Previous tax cuts released 1% of GDP worth value to taxpayers’ pockets, followed by ongoing red tape cuts and market deregulations. These moderately intensive reform trends have created a methodologically based contribution for slight increase of economic freedom.
This title of this article might ruffle the feathers of all those who think emerging comparisons between Brussels and Moscow are somewhat “crossing the line”. Buckle up, as the following paragraphs will show you why such collations are by no means an exaggeration.
Since the beginning of 2015 Viktor Orbán’s right-wing populist Fidesz government has produced one hate campaign after another, targeting migrants, the EU (or rather, “Brussels”), American financier George Soros and institutions connected to him, and even the UN.
LFMI has just released its latest paper “Labor Migration and Flexibility of Regulation for Employing Non-EU Nationals”. It addresses the economic effects of migration and implications of employing non-EU nationals and provides a cross-country legislative and policy analysis on the flexibility of hiring of non-EU nationals.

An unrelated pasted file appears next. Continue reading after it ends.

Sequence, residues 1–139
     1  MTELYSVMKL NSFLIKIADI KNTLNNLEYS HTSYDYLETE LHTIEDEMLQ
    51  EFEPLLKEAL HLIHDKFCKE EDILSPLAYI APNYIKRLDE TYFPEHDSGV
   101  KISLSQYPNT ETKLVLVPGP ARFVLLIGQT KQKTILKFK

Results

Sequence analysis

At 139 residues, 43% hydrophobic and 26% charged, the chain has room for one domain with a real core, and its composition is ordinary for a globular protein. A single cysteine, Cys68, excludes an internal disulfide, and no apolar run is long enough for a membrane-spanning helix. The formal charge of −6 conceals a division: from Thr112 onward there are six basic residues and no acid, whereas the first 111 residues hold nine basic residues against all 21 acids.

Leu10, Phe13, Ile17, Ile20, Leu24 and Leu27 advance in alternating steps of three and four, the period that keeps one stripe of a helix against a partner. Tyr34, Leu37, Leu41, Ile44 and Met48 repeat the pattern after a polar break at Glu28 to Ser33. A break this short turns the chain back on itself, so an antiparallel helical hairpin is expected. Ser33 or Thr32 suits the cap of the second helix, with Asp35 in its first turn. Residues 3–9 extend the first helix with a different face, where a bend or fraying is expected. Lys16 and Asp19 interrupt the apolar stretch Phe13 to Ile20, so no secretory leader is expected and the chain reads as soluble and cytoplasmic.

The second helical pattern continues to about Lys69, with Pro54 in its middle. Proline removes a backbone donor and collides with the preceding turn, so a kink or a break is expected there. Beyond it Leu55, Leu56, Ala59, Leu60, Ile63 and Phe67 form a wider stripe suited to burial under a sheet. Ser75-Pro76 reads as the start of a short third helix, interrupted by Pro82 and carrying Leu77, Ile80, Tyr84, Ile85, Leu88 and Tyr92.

Energy Taxation Directive (ETD) claims to improve the Single Market, promote energy efficiency, and contribute to jobs and growth. In reality, it fails to achieve these objectives. The research by LFMI suggests that in 2012 the grey market for fuel comprised nearly 20 percent of the market for transportation fuel.
While the Member States still have at least the sole jurisdiction in criminal matters, they maintain a good deal of sovereignty. Once an EU “federal” criminal framework begins to take root, it won’t take long before we will all be committing three EU felonies a day.
I think the EU is an important institution and it is worth to be its member, but it is very difficult to be an apologist of those who run it. After the introduction of a legislation such as GDPR, is it really that difficult to understand why so many people believe such myths as the restriction on the curvature of bananas?
The Polish Parliamentarians, Ministers, the Prime Minister, and the President are all normal employees. The only difference is that they have been hired by the public. For their work, an adequate remuneration should be paid.
Estonia could become the first country in the world with virtual currency, the Estcoin. The problem is that the country’s official currency is Euro and membership in the Eurozone does not allow having any other parallel cryptocurrency.